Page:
With the tank team complete, they set off across the German landscape facing increasingly deadly resistance until they find themselves alone and broken down on a road with 300 German soldiers approaching. It's a crucial moment of fight or flight (I think you know what they're gonna pick) that sets up the rousing climax of the film that showcases the film's best asset: action.
Oh yes, the action is what Ayer does best with Fury. With bullet fire colored to somewhat resemble laser blasts and plentiful bits of realistic gore, the violence in this film is visceral and in your face. Combine that with editing that actually makes it fairly easy to discern who is shooting at who and which direction tanks are moving (more easily said than done in recent Hollywood films) and you get some extremely solid action filmmaking that rivals what a lot of classic World War II films have been capable of.
It is sadly the scenes in between battles that leave a little to be desired. And it's not that they're bad - they're just kind of expected. Even the film's most intriguing non-battle scene, which finds our boys spending some downtime with a couple of German ladies, is punctuated by a tragic moment that you can probably see coming from a mile away. It's done nicely but the film and characters immediately move on as if they checked off that box and don't need to worry about it anymore. In fact, if you cut the whole sequence from the film I'm not sure anyone would even notice.
And so it's with mixed feelings that I recommend Fury. As an action-packed World War II drama it delivers the goods on the battlefront and will therefore satisfy a large percentage of the audience for this kind of film. I was just hoping for something with a little more depth and originality to the proceedings. But I guess that's what we keep Inglourious Basterds around for.
'Under the Skin' is one of those movies that I find almost impossible to assign a star rating to. How I feel about it now immediately after watching could very easy change by tomorrow morning and then again a week from now. The initial few minutes of the film had me rolling my eyes thinking, "This is going to be a long 105 minutes..." but then I found myself slowly intrigued by and sucked into the film...at least for the first half before it became a slightly more conventional fish-out-of-water story. On one hand I applaud the entire film for being a purely visual experience that lets the story unfold by showing us rather than telling us in the true cinematic fashion. But even at that the story is paper-thin and leaves a bit to be desired by the time the end credits start to roll. At the very least this gives me something to chew on for a few days and that in itself makes it worthwhile viewing.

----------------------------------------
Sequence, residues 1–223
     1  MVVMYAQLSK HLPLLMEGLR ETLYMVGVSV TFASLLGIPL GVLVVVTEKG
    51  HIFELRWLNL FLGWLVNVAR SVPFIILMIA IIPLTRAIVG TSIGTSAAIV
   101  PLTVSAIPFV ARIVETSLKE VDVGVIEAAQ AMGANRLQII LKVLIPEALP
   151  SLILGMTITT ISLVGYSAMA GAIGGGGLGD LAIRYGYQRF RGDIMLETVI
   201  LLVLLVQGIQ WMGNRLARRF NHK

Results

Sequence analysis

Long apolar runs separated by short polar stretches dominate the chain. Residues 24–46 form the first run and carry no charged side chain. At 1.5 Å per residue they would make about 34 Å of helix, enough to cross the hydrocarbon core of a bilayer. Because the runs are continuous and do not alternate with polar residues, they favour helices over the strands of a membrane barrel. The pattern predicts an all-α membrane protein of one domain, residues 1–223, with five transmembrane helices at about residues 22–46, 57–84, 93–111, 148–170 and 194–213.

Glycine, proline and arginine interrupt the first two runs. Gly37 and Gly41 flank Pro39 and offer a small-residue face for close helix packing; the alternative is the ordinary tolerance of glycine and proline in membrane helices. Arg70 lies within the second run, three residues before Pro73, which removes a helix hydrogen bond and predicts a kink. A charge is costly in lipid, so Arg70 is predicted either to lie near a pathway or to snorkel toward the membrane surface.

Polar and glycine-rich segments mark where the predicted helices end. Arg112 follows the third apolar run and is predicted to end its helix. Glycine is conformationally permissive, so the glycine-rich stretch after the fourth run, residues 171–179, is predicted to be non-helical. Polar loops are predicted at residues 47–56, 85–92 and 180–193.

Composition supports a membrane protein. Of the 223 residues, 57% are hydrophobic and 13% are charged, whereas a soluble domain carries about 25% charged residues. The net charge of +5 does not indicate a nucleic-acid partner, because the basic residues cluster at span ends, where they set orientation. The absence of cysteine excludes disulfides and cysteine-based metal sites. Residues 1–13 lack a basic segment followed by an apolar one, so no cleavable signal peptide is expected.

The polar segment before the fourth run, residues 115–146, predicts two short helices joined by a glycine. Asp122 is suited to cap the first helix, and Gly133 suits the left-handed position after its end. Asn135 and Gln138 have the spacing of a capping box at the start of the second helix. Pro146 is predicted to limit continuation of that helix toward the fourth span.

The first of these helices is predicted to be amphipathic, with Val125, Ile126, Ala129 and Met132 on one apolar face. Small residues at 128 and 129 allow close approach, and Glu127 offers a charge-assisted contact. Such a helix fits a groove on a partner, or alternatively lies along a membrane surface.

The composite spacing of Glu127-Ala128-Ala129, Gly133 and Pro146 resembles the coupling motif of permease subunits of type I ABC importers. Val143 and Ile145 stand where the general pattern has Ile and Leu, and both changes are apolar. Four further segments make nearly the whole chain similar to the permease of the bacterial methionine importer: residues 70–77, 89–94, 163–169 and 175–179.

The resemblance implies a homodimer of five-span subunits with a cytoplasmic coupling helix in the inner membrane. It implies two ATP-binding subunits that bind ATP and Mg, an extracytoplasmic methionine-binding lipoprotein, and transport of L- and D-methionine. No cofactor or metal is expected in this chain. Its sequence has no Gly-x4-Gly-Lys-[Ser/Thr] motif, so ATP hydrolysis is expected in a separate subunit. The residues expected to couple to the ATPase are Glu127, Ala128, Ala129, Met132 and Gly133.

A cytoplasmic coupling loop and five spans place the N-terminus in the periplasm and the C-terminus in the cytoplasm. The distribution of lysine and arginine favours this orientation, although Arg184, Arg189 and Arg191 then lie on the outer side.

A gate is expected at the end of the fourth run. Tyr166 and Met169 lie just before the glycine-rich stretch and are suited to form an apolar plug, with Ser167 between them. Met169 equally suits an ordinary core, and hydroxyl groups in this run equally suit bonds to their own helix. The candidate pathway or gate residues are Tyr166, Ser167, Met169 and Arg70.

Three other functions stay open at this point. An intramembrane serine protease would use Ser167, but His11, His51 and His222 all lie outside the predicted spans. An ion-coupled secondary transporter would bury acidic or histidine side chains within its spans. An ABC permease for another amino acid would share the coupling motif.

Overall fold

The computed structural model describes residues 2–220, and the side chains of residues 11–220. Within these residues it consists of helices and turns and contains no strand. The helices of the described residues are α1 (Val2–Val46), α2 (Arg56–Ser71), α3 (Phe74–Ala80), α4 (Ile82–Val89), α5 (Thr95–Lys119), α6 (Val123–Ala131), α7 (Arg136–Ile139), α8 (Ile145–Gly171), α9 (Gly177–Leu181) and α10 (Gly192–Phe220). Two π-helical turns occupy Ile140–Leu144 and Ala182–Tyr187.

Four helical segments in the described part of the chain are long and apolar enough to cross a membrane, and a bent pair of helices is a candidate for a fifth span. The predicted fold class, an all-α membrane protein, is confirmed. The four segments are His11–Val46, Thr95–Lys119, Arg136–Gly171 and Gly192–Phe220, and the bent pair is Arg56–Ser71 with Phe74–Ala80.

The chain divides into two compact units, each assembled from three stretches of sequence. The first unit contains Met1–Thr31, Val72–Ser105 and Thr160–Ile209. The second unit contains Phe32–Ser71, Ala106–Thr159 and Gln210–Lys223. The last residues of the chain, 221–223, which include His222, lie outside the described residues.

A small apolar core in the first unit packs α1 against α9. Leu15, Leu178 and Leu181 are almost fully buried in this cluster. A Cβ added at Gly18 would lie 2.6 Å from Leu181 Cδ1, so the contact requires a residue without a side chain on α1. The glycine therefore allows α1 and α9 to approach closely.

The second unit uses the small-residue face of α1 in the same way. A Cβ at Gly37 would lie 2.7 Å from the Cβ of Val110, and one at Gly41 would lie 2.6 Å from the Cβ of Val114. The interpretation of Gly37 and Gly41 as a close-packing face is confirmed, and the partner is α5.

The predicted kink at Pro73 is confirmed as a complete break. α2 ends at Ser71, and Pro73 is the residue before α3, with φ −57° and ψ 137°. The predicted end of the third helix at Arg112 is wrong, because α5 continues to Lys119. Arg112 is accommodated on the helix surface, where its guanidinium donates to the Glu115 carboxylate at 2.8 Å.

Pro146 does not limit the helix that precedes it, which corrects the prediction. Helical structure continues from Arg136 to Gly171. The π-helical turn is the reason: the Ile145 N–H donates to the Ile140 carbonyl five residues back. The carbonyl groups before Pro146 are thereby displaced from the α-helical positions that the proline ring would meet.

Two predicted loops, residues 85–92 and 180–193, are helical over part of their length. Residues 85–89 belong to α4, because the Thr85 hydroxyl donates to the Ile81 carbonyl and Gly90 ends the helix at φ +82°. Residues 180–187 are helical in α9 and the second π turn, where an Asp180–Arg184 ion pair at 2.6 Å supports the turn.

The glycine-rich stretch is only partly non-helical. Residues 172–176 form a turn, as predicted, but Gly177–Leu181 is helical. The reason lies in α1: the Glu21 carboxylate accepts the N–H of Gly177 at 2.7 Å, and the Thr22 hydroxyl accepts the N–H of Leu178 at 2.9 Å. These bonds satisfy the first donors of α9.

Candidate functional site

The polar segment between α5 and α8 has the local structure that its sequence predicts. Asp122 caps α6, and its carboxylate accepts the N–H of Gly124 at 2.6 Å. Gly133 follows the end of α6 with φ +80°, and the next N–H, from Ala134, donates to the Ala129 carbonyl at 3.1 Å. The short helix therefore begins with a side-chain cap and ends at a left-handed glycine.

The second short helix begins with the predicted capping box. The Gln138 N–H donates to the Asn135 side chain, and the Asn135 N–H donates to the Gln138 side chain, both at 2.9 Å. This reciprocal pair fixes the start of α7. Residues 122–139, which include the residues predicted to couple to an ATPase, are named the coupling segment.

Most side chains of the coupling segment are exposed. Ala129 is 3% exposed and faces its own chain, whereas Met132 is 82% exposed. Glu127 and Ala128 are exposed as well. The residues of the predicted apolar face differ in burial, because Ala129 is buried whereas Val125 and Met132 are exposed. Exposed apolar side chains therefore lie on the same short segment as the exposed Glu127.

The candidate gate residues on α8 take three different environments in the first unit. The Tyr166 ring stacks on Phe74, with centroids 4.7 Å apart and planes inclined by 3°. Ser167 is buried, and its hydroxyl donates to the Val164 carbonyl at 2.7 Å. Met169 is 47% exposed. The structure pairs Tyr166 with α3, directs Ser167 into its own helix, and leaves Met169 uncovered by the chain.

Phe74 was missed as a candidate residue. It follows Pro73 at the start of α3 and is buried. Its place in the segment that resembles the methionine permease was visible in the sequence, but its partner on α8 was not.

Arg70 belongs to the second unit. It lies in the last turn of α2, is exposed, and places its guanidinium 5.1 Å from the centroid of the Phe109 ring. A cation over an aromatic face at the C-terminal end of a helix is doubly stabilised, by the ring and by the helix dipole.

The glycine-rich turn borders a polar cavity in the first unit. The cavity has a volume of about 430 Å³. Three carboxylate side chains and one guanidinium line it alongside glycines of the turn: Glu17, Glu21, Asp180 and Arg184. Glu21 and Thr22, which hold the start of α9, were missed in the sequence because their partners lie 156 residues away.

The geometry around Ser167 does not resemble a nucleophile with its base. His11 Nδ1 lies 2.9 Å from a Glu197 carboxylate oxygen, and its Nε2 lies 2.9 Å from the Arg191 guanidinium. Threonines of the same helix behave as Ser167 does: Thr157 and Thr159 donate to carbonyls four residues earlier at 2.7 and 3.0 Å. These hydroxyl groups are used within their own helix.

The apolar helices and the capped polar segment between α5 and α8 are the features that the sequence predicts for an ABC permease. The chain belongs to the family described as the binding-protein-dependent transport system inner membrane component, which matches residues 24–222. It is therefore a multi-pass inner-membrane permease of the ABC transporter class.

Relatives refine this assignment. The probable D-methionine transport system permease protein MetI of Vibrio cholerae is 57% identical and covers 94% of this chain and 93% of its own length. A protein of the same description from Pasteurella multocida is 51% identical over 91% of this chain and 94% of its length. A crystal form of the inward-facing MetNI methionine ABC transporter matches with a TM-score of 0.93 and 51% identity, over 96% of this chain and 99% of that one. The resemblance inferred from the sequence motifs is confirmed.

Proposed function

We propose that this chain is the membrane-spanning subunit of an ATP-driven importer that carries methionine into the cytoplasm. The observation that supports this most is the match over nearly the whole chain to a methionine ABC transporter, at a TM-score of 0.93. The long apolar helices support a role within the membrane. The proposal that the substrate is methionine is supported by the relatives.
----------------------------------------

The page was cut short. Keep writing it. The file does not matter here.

How does one even begin to write about 'Birdman'? Alejandro Gonzalez Inarritu has made a film so technically marvelous and full of ideas that I couldn't possibly hope to write anything resembling a coherent (or concise) review without at least one more viewing and a whole lotta time to process all of the wonderful things this movie made me feel and experience. Michael Keaton is just beyond incredible in the lead role and is surrounded by absolutely perfect supporting cast with impressive performances from Edward Norton, Emma Stone, and Amy Ryan. There are scenes between these cast members that absolutely crackle with energy and the ever-moving single camera takes capture it all so beautifully that you leave the theater wondering how it was all even possible. This is movie magic in every sense of the word.